Welcome on board! In more ways than one.
Benjamin Fischer has been a co-pilot at Lufthansa CityLine for just over two weeks. At the same time he has taken over the leadership of the help alliance street children project in Pattaya, Thailand. A story about wishes that come true.
Benjamin Fischer wanted to be a pilot at Lufthansa for half his life. After completing his line training two weeks ago, he took his place as co-pilot on the right hand side of the CityLine cockpit. At the same time, the Lufthansa employee was also signed up by help alliance. As project manager he is responsible for the project in Pattaya, Thailand, which is dedicated to protecting street children. He himself describes being able to combine these two things close to his heart as "fantastic".
But let’s start at the beginning. “I still remember the exact day when I was 15 years old and first read online about the possibility of training as a pilot with Lufthansa”, says Fischer. From that day on it was clear “where I was headed”. The dream of flying came true for this Hilden-born pilot and participant of the 409th training course for young pilots - even if it was to take another twelve years.
In the meantime, he made his way to Thailand. After completing his Abitur in 2010, the last year before compulsory military service was abolished, Fischer had to do alternative civilian service. “At the time, the Federal Ministry of Economic Cooperation and Development had set up the so-called “Weltwärts” programme, which allowed people to do their civilian service abroad. “When I was at school I spent six months at a high school in the United States, so I definitely wanted to do that”, says the co-pilot. “I thought it would help me develop as a person”.
First contact in Thailand
This wish also came true, and for one year Fischer assisted with the help alliance project in Pattaya, Thailand. Just as with the Lufthansa group’s aid organisation, Fischer was there almost from the beginning - the Human Help Network Foundation (HHN) in Thailand, the project’s sponsor, had only been founded two years earlier. “That was also when I first came into contact with help alliance”, he says. “I knew that I would one day apply for pilot training at Lufthansa, and so I was very curious and bombarded the staff who visited the project with questions. I remember thinking that it was great that Lufthansa gave people the opportunity to become involved in social projects”.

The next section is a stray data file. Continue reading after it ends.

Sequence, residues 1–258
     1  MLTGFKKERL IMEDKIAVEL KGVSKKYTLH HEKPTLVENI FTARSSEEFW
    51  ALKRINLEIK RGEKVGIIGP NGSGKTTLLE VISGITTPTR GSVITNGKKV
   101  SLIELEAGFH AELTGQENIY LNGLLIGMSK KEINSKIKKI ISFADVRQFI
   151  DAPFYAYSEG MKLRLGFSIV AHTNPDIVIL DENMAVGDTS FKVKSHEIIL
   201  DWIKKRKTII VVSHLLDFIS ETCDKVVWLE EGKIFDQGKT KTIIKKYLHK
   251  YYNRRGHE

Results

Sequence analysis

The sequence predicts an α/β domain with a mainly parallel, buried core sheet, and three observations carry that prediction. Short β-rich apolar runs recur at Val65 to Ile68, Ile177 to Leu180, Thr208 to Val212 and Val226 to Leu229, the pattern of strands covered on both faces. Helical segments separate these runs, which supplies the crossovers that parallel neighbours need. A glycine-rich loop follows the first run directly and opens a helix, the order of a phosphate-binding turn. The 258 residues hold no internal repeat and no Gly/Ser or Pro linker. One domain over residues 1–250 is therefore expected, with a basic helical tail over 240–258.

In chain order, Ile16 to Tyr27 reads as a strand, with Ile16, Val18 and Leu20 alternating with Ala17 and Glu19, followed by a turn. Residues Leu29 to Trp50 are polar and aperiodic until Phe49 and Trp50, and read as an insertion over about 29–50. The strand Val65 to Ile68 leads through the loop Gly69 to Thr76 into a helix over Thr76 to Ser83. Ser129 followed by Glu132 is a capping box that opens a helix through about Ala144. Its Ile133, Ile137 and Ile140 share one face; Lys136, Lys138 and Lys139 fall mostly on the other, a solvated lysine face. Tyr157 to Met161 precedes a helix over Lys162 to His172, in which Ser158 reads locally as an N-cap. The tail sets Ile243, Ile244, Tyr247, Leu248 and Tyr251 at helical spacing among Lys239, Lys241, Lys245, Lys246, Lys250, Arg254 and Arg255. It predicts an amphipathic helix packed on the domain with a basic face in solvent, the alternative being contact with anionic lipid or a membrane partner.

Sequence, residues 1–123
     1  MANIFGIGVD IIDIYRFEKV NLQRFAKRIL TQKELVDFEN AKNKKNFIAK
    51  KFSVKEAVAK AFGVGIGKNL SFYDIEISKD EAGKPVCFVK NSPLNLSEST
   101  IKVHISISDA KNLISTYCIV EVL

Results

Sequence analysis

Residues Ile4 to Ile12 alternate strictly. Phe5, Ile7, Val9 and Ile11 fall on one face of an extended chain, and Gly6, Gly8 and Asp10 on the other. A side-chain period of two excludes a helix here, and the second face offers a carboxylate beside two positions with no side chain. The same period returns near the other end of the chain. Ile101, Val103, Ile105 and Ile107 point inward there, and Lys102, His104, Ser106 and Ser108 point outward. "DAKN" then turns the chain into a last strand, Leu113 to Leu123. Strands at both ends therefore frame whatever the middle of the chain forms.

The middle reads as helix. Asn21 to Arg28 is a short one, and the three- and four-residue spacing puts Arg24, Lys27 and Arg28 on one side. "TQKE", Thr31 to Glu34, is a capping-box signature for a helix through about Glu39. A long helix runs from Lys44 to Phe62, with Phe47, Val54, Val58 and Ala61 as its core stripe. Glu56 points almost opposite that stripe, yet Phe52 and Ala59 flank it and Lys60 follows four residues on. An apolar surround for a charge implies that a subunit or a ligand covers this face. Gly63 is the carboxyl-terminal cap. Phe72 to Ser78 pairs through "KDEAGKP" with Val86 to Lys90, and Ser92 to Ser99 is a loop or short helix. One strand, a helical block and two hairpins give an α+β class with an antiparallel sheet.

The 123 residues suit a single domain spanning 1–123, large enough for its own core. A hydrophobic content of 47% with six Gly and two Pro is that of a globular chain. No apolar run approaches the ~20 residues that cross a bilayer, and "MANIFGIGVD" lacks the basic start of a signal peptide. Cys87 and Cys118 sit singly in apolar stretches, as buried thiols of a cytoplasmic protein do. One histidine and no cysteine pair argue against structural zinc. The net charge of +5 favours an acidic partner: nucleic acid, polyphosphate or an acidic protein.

The project itself was still in its infancy at the time and I also had a different focus. It was more about exposing and persecuting crimes related to paedophilia and child prosecution – “extremely dangerous work". The volunteers were of course not involved in this. “Instead, we had the chance to work with the children in the shelter”, which was nothing like today's facility. “There were only three temporary houses built on muddy ground, and a couple of bamboo sheds with plastic chairs that were used as classrooms. Today, there is proper housing, well-equipped classrooms, a dining hall with kitchen and their own cook, a sports ground and an enormous farming area where the children can grow their own vegetables.” There is now even a fish pond, a pig and chicken farm and a place to grow mushrooms. The number of children in their care has multiplied.
Today, the focus is on prevention. “The street workers do educational work in the slums, they talk to the children and parents and try to explain to them the dangers and risks of exploitation.” These are still very high, “because many children are alone during the day, since their parents have to earn a living as day labourers”.
But despite the rudimentary structures in 2010, the project, the children and the culture left a lasting impression on him. “These experiences shape me to this day. I made many friends. Pattaya and the project have become a second home to me”. Since then, he has been visiting the children every year, and is proud of how far the project has progressed thanks to help alliance. “Many of the children are now going through puberty or are even older and well on their way to leaving their sad past behind them”, says Fischer. “They really have great prospects now”.
Things have come full circle
For Fischer, things have come full circle. “I have wanted to get involved in help alliance since I started at Lufthansa”. And now the perfect opportunity has presented itself. Ewald Dietrich, the founder of the project, and the new help alliance managing director Andrea Pernkopf and project manager Mona Adler got together in Mainz to talk about the project. “help alliance has been looking for a project manager from Lufthansa for some time. During the meeting, Ewald called me to ask whether I was free to pop by and see them. I happened to be at home in Mainz, and so I did”, Fischer laughs. “The chemistry was right immediately. Mona Adler told me about the volunteer tasks of a project manager, and I immediately accepted the offer to become the project manager. Since every visit and all the project management work would be done in my free time, there were no overlaps with my pilot work. Everything was right. I am really looking forward to this work and the possibility to get to know help alliance from the other side. For me the jigsaw puzzle is now complete”.
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